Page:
But the outpouring of support, through cards and letters and especially through Por Vida, gave Escovedo the strength to start again. "When Por Vida came out, I really got inspired to want to play again," he said. "I think it was during that time that I realized that I had a lot to write about, but I was kind of clogged up emotionally. It was almost as if there was too much to write about. I felt too much, you know? I kind of had to filter all that through.

"I remember speaking to Chuck Prophet about this, because I just wasn't sure how I was going to approach it. And he agreed that it was a tough task to write about death, near death, survival — so I really didn't want to sound maudlin and I didn't want to sound like I had a lot of self-pity."

A Boxing Mirror, out now on EMI's Back Porch imprint, is anything but self-pitying. Even its darkest moments — like the opener "Arizona" — are charged with a defiant joy, a triumphant celebration of simply being alive. Other tracks — the hard-rocking "Sacramento & Polk," "Take Your Place" and the wonderful title cut — are varied in style and tempo, but seem full of irrepressible joy.

"I think the songs, the more you listen to them, the more someone will hear that there's a lot of joy in these songs," Escovedo said. "It's about having gone through this experience and finding true love in this experience, and finding a lot of love from an extended family that taught me that my family is not about blood. It's about all of the people that I love and that love me. The respect we have for each other as a musical community."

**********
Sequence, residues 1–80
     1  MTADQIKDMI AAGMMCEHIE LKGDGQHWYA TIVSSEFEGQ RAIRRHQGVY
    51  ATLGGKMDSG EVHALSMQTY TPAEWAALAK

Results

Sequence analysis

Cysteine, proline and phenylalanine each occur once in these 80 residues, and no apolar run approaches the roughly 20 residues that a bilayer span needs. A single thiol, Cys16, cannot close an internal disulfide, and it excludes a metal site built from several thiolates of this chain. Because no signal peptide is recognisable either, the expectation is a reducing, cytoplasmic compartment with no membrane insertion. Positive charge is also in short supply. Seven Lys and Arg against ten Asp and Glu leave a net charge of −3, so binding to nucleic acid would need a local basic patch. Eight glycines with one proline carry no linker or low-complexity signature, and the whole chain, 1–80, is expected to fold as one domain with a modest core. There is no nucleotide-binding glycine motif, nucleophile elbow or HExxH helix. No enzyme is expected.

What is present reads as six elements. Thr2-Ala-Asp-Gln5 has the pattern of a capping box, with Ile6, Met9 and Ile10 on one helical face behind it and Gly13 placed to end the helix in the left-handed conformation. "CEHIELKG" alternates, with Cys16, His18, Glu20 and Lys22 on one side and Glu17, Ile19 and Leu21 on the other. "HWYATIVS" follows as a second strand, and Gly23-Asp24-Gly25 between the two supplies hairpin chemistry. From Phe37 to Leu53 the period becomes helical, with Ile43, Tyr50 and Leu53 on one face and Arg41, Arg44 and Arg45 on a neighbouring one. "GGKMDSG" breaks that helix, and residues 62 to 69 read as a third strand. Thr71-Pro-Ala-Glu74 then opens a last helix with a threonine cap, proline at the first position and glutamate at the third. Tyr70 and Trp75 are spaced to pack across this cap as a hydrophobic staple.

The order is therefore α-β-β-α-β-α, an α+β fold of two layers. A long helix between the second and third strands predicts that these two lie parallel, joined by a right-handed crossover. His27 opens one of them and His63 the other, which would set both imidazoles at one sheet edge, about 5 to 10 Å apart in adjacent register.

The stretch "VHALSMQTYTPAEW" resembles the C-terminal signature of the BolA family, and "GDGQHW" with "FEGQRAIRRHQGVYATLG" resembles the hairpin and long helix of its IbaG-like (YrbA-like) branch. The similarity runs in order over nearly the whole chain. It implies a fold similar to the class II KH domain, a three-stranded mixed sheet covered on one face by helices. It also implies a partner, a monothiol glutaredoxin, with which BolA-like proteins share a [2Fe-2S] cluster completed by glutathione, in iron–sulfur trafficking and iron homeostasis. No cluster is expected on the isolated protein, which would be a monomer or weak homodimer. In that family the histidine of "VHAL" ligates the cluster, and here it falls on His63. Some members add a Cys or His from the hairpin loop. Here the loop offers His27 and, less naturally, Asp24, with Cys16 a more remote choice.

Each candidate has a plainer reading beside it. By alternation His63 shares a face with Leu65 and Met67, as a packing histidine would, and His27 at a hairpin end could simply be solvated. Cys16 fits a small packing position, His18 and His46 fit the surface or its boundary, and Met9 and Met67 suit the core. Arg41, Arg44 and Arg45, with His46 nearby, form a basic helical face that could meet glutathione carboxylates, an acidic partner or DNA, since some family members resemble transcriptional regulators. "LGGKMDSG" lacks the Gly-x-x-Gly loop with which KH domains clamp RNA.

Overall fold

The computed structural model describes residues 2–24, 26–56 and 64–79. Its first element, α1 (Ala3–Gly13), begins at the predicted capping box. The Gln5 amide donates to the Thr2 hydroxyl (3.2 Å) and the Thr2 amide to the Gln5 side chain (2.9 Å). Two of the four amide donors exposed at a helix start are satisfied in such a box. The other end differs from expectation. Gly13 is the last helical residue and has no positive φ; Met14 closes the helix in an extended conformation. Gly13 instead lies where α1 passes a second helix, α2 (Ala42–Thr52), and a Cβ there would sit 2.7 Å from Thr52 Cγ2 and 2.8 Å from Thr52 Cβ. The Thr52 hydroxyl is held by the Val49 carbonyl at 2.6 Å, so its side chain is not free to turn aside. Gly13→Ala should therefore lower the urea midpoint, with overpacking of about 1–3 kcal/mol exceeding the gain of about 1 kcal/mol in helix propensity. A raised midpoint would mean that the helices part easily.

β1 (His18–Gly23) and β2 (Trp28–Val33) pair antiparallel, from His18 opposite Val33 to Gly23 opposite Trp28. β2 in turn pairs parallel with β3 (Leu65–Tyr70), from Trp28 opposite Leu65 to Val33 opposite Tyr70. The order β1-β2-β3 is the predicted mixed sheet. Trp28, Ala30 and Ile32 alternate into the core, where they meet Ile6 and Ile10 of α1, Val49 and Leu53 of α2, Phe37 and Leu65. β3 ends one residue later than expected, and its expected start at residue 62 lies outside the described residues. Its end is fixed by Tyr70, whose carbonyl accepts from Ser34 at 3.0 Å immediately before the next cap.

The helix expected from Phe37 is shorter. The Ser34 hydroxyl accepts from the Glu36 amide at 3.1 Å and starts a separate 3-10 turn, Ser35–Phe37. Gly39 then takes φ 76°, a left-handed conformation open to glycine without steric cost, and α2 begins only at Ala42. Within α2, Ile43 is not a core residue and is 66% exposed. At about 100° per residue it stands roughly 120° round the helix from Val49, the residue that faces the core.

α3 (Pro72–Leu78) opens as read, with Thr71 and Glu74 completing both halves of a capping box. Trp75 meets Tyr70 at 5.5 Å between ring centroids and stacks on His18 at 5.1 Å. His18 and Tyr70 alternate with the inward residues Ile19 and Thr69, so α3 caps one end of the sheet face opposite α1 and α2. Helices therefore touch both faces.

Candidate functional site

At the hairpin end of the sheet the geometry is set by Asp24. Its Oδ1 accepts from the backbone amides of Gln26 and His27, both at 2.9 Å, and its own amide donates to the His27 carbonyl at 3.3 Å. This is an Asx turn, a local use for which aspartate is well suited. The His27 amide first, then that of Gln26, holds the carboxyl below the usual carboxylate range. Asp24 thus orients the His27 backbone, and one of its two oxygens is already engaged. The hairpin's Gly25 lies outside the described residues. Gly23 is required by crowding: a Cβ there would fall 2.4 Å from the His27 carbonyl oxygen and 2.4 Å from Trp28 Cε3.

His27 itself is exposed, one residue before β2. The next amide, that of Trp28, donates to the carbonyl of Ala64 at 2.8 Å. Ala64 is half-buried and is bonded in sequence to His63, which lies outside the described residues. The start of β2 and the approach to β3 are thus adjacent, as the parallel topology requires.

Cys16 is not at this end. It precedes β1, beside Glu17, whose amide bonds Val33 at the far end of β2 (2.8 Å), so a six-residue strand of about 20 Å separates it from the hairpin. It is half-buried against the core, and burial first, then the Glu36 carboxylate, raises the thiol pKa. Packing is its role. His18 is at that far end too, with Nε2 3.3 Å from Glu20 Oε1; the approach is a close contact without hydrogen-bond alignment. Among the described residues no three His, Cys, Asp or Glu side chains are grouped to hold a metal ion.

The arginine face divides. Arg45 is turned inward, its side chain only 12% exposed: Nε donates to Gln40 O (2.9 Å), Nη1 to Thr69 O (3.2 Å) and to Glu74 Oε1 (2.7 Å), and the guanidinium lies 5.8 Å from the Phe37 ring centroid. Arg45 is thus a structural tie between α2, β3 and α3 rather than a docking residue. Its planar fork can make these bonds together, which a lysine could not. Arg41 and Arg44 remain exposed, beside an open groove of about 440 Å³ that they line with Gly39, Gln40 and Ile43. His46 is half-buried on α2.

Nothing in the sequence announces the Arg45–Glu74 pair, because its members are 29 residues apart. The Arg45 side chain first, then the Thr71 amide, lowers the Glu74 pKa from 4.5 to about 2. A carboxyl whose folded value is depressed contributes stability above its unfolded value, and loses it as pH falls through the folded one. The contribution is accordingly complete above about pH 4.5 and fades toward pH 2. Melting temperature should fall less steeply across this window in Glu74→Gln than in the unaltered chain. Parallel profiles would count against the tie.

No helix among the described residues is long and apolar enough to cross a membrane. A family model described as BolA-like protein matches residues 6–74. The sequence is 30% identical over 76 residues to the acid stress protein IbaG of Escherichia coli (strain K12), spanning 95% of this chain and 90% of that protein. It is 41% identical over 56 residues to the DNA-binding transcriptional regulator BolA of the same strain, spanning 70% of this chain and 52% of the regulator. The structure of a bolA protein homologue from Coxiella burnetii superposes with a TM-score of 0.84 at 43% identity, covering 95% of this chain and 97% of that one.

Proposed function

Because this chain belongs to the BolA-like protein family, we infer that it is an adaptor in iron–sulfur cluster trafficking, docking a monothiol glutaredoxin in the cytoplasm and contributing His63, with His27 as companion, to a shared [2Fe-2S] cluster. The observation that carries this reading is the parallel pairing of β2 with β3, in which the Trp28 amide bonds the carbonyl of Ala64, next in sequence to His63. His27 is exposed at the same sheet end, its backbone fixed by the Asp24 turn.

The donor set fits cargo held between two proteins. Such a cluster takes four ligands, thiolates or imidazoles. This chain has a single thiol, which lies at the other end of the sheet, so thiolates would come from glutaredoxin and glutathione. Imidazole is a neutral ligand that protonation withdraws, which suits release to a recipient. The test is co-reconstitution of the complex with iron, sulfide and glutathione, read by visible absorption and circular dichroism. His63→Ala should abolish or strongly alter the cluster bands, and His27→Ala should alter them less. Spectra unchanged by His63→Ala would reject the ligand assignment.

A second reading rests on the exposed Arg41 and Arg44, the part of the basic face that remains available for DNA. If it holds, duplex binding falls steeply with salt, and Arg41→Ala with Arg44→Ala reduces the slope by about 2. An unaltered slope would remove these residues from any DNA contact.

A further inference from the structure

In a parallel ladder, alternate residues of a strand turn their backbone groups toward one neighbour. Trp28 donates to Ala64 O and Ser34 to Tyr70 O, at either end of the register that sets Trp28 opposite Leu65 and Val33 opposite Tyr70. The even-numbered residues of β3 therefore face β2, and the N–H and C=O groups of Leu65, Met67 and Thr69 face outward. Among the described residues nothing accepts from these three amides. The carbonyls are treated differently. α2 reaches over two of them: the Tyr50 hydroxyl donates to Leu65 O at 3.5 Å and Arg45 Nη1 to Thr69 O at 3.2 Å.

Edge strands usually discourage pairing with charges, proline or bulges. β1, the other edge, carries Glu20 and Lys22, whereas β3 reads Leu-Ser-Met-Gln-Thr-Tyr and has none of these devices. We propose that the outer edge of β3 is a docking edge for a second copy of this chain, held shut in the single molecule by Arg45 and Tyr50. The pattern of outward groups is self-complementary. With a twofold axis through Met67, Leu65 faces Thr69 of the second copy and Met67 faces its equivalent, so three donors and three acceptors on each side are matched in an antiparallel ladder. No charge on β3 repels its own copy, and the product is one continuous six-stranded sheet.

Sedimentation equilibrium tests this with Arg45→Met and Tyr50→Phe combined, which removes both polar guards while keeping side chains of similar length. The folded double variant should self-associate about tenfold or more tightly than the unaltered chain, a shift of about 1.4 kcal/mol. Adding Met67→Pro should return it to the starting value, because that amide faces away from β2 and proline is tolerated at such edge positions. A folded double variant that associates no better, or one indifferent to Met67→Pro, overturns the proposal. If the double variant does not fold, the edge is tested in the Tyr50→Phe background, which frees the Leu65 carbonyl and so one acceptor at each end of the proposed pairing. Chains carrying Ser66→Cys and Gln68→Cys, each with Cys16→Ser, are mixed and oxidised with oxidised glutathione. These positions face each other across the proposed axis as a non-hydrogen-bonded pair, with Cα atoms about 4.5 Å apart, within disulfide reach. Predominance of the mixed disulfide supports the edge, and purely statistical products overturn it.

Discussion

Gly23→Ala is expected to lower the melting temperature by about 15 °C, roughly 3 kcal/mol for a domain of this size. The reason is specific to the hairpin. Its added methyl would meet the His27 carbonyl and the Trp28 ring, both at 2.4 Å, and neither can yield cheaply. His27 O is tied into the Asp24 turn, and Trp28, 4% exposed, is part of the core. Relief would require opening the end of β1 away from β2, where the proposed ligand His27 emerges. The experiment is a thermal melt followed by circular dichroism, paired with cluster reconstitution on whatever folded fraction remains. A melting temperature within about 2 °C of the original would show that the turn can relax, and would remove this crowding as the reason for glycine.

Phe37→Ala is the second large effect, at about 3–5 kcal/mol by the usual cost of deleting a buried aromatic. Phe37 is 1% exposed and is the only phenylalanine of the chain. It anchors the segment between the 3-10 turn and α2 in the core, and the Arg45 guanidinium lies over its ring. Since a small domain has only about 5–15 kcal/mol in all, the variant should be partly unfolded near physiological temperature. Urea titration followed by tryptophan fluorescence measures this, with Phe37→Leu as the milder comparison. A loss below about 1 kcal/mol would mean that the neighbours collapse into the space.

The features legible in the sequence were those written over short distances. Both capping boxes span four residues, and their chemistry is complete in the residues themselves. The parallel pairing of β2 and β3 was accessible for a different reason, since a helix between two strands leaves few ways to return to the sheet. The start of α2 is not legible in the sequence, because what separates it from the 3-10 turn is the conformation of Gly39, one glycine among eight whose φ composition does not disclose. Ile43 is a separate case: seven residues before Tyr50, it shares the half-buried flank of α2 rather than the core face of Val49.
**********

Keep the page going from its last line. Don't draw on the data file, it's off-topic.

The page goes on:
To make The Boxing Mirror, Escovedo enlisted the production assistance of John Cale, a longtime friend who was one of the first musicians to contribute a track to Por Vida. Cale and Escovedo had first met in New York in the 1970s, but they had grown closer over the years, as Escovedo contributed "Tugboat" to a tribute for Cale's fellow VU-alum Sterling Morrison. They had played SXSW together a couple of times, as well.

Escovedo said Cale has been an influence for decades, dating back to his teenage years when friends would fight about The Beatles versus the Stones, and Escovedo would insist that the Velvet Underground were better than either. "I loved the Velvets. And everything that he did after that, all John's solo albums, all the Nico albums, the Jennifer Warnes records, The Stooges and Patti Smith, those were all very influential for me," he recalled. "I love his sense of orchestration and arrangement. I love the way that he developed this... kind of this folk style with avant-garde dissonance. So ... and I love his... he's fearless and that's a wonderful thing to possess when you're a musician and songwriter."